Visual Arts Faculty
Barry Bartlett creates ceramic sculptures that take on questions of conflict, evolution, warfare, suburban sprawl, kitsch, and commemoration.
J Blackwell’s recent works are called Neveruses (never•uses). Neveruses are lumpish, androgynous painting-objects comprised of scavenged plastic bags and colored fibers such as wool yarn and silk thread. These hybrid devices are neither useful nor redundant, although both are implied.
Thorsten Dennerline produces paintings, drawings, and artists’ books. The main focus of his work originates from an interest in poetry, which has led to collaborative projects with writers in book form, and in paintings and drawing projects that explore the poetic possibilities of the landscape.
Mariam Ghani is an artist, writer, and filmmaker. Her work looks at places, spaces and moments where social, political and cultural structures take on visible forms, and spans video, sound, installation, photography, performance, text and data.
Yoko Inoue’s multidisciplinary art practice anthropologically examines complex relationships between people and objects, the commodification of culture, and the assimilation and transformation of cultural meaning and values. Using ceramic medium she explores the socio-political and economic implication of products and globalization.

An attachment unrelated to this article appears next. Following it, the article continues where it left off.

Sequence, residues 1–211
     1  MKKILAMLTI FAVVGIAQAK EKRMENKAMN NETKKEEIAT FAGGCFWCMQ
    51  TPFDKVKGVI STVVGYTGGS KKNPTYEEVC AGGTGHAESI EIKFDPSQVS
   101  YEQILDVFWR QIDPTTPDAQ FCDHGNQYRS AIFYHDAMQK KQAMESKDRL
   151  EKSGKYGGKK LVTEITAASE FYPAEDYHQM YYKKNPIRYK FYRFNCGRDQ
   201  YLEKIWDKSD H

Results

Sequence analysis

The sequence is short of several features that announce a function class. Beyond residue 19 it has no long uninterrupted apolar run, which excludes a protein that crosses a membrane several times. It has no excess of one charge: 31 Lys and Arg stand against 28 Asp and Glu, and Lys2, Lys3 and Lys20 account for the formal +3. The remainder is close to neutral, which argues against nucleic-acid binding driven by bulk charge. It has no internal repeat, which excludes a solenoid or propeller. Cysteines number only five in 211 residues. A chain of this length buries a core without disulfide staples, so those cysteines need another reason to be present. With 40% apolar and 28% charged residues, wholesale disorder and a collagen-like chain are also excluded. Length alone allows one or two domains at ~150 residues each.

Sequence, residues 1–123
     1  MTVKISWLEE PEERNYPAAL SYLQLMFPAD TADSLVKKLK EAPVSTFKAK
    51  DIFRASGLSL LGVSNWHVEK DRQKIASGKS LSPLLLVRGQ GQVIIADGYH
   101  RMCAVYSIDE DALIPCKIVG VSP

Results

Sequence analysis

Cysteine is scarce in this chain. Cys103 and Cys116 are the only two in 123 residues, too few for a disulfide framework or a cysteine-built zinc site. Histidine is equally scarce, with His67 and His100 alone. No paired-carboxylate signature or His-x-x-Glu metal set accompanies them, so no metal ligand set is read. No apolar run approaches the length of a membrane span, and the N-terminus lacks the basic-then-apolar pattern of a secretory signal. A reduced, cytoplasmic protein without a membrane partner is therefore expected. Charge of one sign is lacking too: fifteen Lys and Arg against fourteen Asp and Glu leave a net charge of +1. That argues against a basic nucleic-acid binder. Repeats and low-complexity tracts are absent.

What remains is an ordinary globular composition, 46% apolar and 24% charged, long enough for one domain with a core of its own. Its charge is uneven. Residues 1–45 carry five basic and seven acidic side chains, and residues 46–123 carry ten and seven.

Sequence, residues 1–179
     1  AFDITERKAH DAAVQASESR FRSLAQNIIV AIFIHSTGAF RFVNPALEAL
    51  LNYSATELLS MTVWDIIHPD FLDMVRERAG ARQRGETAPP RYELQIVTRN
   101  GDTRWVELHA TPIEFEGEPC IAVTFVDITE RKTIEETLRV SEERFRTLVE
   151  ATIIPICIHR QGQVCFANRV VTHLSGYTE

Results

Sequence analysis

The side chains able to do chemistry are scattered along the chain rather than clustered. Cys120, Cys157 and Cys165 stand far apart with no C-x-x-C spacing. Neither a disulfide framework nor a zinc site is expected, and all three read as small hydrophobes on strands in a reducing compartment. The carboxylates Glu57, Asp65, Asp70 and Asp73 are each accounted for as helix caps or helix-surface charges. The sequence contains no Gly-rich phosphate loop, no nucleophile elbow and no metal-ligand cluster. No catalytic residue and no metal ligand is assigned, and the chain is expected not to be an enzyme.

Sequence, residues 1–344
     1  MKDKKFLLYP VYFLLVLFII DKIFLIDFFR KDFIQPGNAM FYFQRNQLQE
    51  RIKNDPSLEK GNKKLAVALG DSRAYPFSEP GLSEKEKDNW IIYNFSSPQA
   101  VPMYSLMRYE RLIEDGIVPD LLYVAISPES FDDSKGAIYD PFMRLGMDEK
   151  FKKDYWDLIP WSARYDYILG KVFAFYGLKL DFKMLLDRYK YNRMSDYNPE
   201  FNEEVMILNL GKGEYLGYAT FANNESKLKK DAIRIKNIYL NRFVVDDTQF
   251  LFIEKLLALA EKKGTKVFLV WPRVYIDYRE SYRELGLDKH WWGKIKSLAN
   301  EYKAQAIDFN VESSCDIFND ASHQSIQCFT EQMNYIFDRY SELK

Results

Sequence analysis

Jon Isherwood is a sculptor who has pioneered high-tech CNC technologies, led international projects, and designed opportunities to investigate the sites where the intellectual and physical become visually entangled.
Jonathan Kline’s artwork straddles the divide between photography’s contemporary, hybrid, and digital nature and its most traditional and original forms
Jen Liu is a New York-based visual artist working in video, performance, and painting, on topics of national identity, economy, and the re-motivating of archival artifacts. She is a 2017 recipient of the Guggenheim Fellowship in Film/Video, as well as the NYSCA/NYFA Fellowship in Digital/Electronic Art.
Mary Lum’s paintings, collages, and wall works, which have been praised by critics and exhibited widely, draw attention to the overlooked but subliminally powerful architecture of modern life.
Vanessa Lyon's teaching and research range from early Renaissance to modern and contemporary visual culture with a focus on European painting. She is especially interested in cross-cultural exchange, the intersectionality of gender, race, and theology in early modern visuality, and the legacies of the 'Old Masters' in subsequent art and its histories.
Aysha Peltz’s ceramics blur the lines between utility and art, as the material properties of clay itself—the way it swells, fissures, and tears under its own weight—create a certain kind of poetry.
Ann Pibal’s widely recognized and highly acclaimed paintings have been exhibited extensively, in the United States, Europe, and Asia.
In her work as a documentary filmmaker and film editor, Kate Purdie focuses on finding and portraying insights into the human experience by delving into lives and ideas that speak to themes of work, family, and community.
Robert Ransick draws inspiration from the social and political world we live in, history, and the potential for a future that is better.
Sue Rees has exhibited her set designs, animations, installations, and video works worldwide and has worked collaboratively with choreographers, directors, and musicians in the United States, Europe, and India.
Donald Sherefkin is an architect whose projects range from urban loft renovations to rural retreats to sacred spaces, extending from the heart of New York City to New England.